Today's Editorial

Today's Editoral - 07 February 2023

China’s population drops for first time

Source: By The Indian Express

China saw its population fall by roughly 850,000 last year – its first drop in six decades, bringing its population to around 1.41 billion at the end of 2022, the country’s National Bureau of Statistics said. The government said on 17 January 2023 that 9.56 million people were born in China in 2022, while 10.41 million people died.

The drop, the worst since 1961, also makes it more probable that India will become the world’s most populous nation this year. The year 1961 was the last of China’s Great Famine, a result of Mao Zedong’s large-scale changes in state policies.

Kang Yi, the head of China’s national statistics bureau, told reporters that people should not worry about the decline in population as “overall labour supply still exceeds demand”. China’s birth rate last year was 6.77 births per 1,000 people, down from a rate of 7.52 births in 2021, and marking the lowest birth rate on record.

India to become most populous in 2023

Both India and China, in the 20th century, were similar in terms of key indicators impacting population growth, such as life expectancy (the number of years a person is expected to live on average), the Crude Death Rate (the number of deaths in a population per 1,000 people) and Total Fertility Rate or TFR (the number of children a woman, on average, is expected to bear in her lifetime).

Mortality falls with increased education levelspublic health and vaccination programmes, access to food and medical care, and provision of safe drinking water and sanitation facilities. In both countries, this happened, resulting in a net increase in population for many decades.

The replacement rate is the number of children a woman is to have in order to at least replace the present generation in the future. China’s TFR, according to its 2020 Census, was 1.3 births per woman — marginally up from the 1.2 in the 2010 and 2000 censuses, but way below the replacement rate of 2.1.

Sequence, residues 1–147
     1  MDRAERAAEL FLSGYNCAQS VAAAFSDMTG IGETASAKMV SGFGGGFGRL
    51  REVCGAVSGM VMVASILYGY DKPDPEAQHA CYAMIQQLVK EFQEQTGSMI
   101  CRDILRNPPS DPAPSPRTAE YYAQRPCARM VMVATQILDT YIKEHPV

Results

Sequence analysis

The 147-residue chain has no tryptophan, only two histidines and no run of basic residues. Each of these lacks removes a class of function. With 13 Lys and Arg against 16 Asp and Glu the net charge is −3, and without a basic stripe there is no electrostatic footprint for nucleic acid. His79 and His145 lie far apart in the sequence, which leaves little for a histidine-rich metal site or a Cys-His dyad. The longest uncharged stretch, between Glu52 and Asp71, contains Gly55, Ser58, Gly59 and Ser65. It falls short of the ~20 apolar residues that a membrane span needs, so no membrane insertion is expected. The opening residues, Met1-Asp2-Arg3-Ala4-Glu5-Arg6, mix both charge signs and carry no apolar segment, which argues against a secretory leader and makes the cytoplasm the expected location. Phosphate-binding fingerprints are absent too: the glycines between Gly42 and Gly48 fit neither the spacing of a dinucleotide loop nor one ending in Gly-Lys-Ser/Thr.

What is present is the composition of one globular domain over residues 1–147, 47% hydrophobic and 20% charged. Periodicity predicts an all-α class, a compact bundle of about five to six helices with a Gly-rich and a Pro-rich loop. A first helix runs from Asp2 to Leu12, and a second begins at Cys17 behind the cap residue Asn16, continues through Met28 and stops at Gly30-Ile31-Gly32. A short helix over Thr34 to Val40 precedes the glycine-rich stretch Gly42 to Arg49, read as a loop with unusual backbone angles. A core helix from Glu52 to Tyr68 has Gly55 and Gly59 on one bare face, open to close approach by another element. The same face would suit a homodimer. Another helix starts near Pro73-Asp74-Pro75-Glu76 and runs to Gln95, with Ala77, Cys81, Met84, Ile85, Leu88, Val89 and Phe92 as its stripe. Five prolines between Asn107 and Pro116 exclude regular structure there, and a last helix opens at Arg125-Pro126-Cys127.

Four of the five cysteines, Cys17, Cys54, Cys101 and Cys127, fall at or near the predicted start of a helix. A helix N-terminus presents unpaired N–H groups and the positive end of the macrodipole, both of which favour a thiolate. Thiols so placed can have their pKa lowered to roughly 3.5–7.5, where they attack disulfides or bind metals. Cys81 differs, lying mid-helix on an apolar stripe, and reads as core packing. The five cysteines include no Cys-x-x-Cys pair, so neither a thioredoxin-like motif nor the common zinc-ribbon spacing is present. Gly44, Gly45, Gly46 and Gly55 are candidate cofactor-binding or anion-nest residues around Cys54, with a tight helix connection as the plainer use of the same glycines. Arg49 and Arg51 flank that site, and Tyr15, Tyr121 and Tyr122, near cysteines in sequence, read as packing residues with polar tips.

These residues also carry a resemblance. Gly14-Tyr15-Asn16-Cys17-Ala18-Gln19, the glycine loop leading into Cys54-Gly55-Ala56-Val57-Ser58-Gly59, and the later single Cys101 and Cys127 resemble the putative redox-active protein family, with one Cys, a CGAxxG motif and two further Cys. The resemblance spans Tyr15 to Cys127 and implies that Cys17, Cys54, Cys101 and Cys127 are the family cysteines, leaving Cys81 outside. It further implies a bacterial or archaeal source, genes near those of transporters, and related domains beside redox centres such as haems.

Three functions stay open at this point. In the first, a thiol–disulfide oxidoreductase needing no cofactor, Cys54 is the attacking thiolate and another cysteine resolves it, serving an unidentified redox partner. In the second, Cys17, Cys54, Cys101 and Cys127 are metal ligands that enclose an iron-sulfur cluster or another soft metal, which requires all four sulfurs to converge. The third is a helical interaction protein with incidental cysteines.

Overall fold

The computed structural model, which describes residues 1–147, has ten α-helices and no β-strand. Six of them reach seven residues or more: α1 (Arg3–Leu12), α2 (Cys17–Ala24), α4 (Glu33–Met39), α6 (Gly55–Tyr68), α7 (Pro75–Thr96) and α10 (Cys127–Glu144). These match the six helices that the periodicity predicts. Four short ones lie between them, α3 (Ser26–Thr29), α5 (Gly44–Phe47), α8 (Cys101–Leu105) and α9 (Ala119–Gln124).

While TFR is gradually declining in India too, more important is the working-age population. Its share in the overall population crossed 50% only in 2007 and will peak at 57% towards the mid-2030s. India, therefore, has a window of opportunity well into the 2040s for reaping its “demographic dividend”, like China did from the late 1980s to 2015, contingent upon the creation of meaningful employment opportunities for a young population.

The impact of the One-Child Policy

One cause behind the fall in numbers in China is the one-child policy imposed between 1980 and 2015, limiting the number of children couples could have to one. China has said that the policy has helped prevent nearly 400 million births, but as the proportion of those in the working-age population began reducing, the policy became a matter of concern.

The country’s statistics bureau said the working-age population between 16 and 59 years old totalled 875.56 million, accounting for 62.0% of the national population, while those aged 65 and older totalled 209.78 million, accounting for 14.9% of the total. Men outnumbered women by 722.06 million to 689.69 million, reflecting the sex-selective births that were carried out because of the preference for the male child.

Low birth rates persist despite incentives

High education costs and costs of living have put many people off having children, even as a number of incentives have been announced by the government. From 2016, all married couples were allowed to have a second child and in 2021, Beijing said it would allow couples to have three children. This is not unique to China, and countries such as Japan and South Korea, as well as others in Europe, are seeing similar trends.

Measures such as flexing working hours for people parenting young children, work-from-home options and monetary incentives have also been announced. Shenzhen, a city in southern China, gives couples having a third child or more an annual allowance of over 6,000 yuan ($890) until the child turns three. But there has been a limited impact, at best.